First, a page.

Tuesday, July 04, 2006

NASA says if the shuttle is fatally damaged, it's no big deal—the astronauts can hide out at the space station

"The orange-hued tank's foam insulation has perplexed NASA ever since Columbia accident that killed seven astronauts. The foam damage on Columbia's heat shield caused the shuttle to break apart as it returned to Earth.

The US space agency spent more than a billion dollars to fix the problem, only to see a piece of foam fall off Discovery's fuel tank in the first post-tragedy launch in July 2005.

The debris missed the shuttle, but the space agency grounded its 25-year-old fleet until now to make further modifications to the fuel tank.

NASA Administrator Michael Griffin decided to resume flights and approved the current launch despite opposition from chief safety officer Bryan O'Connor and chief engineer Chris Scolese.

The two officials, however, backed the launch after NASA said the astronauts could take refuge in the ISS should the shuttle suffer irreparable damage. "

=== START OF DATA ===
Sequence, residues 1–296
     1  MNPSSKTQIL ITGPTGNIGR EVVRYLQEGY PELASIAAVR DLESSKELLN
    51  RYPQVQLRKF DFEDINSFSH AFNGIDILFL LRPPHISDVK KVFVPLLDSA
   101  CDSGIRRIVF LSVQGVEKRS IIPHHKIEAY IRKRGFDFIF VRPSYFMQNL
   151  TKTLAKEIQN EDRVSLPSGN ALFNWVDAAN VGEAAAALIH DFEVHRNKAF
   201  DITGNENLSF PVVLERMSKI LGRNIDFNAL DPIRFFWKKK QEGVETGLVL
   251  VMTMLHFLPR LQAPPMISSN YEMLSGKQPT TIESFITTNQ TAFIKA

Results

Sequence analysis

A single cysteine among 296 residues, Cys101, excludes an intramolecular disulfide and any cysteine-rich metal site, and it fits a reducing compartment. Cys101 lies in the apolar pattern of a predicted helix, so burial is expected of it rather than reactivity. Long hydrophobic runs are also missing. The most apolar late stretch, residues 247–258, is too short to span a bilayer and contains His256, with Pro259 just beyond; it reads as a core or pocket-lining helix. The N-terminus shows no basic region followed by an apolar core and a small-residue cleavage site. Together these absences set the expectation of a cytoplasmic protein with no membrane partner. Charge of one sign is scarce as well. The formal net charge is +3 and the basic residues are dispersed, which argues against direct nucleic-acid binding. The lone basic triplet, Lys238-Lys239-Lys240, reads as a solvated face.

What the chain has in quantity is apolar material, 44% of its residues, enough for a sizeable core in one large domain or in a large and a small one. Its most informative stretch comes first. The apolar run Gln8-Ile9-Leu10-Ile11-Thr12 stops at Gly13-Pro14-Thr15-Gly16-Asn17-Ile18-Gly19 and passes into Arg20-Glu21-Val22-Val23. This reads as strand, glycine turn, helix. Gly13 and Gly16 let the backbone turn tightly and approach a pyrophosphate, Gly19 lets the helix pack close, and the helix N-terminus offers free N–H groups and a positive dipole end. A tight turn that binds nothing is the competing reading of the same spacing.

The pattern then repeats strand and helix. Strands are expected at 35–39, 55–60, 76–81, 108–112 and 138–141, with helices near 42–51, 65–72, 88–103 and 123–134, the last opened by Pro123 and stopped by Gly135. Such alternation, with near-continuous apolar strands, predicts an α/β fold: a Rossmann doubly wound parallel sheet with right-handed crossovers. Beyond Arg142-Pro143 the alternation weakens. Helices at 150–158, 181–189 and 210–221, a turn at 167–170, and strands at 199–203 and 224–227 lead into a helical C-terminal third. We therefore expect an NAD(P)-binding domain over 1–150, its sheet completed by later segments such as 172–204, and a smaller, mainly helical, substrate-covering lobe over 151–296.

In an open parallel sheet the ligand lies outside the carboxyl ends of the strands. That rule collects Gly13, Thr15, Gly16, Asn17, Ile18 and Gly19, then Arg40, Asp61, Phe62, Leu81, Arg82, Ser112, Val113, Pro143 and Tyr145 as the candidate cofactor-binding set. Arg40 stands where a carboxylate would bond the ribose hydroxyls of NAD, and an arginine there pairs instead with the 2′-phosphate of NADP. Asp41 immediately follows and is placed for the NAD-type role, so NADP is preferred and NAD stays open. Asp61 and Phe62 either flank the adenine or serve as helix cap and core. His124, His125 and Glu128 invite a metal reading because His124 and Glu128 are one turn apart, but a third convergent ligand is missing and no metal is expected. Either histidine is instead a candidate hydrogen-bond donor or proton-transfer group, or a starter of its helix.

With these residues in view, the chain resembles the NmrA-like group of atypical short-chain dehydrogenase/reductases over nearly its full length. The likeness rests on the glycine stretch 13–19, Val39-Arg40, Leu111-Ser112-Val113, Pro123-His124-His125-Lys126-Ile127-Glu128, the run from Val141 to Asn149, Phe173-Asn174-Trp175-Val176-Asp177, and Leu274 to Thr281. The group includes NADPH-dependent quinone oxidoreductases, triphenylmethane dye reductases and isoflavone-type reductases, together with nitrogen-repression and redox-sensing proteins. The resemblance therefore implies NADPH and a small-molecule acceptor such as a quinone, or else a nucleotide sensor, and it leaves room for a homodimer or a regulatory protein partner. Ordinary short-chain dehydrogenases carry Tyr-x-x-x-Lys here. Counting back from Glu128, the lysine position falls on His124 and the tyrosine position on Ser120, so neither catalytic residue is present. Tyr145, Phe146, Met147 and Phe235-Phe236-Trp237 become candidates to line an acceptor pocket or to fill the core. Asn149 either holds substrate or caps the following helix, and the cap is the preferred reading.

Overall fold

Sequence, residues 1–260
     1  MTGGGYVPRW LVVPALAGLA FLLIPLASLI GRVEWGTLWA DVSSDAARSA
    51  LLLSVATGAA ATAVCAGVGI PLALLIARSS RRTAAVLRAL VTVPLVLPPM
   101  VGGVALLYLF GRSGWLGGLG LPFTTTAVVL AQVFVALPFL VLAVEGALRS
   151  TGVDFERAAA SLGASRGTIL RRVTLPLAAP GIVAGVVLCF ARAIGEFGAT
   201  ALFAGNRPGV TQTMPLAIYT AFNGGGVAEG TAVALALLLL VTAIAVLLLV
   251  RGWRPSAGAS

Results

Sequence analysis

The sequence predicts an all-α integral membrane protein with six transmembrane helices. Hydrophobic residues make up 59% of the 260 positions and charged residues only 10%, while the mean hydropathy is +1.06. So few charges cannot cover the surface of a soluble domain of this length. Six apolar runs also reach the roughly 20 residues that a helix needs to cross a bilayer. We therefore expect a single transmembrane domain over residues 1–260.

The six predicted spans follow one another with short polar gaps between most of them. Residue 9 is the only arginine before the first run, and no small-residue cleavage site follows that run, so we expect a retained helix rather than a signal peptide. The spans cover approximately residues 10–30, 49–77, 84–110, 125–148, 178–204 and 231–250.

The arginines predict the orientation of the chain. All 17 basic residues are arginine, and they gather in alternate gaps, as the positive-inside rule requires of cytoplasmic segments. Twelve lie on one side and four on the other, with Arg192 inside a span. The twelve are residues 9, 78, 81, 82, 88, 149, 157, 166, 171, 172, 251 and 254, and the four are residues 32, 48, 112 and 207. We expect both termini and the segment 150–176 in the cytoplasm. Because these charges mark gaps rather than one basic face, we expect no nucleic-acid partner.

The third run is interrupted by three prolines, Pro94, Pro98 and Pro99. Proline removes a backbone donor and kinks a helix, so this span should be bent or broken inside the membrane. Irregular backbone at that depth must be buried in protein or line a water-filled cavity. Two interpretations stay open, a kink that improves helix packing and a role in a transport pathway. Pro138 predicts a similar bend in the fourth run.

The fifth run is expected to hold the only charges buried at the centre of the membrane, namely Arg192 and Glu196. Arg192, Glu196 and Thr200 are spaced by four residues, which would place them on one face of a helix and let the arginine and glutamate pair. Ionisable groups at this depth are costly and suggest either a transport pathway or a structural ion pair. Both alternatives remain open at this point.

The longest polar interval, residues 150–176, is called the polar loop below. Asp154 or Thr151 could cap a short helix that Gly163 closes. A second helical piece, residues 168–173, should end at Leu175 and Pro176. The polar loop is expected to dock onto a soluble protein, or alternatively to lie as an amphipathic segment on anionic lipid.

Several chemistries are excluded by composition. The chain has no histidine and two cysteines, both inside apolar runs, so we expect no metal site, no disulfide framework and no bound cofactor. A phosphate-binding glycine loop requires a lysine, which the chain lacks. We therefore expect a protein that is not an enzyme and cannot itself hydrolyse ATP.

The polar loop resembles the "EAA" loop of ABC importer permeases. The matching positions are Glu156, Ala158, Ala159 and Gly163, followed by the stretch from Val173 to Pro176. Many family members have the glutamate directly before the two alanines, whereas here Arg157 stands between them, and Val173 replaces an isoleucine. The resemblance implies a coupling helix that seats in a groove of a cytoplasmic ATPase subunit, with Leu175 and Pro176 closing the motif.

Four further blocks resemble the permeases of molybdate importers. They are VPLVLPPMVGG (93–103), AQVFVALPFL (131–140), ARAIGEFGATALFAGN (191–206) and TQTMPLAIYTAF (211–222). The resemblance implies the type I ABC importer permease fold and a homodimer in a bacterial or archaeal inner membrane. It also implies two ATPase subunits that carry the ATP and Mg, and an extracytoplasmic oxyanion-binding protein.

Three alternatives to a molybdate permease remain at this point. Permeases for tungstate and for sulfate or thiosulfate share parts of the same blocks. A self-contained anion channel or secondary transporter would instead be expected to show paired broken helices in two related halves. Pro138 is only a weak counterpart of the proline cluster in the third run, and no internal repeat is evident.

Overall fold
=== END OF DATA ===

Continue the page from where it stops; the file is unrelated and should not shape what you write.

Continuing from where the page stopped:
I mean, what's the big deal? Why postpone a launch just because the chief safety officer and chief engineer say it's unsafe? This is a chance to launch on the Fourth of July! Don't these engineers understand that the whole shuttle project is just a big photo op, anyway?

Bunch of whiners!

The Ironic Money Quote:
Discovery's five men and two women astronauts are due to fly to the ISS on a mission aimed at improving shuttle safety.
Yes, that's right. NASA is going ahead with a launch which their chief safetly officer and cheif engineers said was too dangerous because they are trying to improve shuttle safety.


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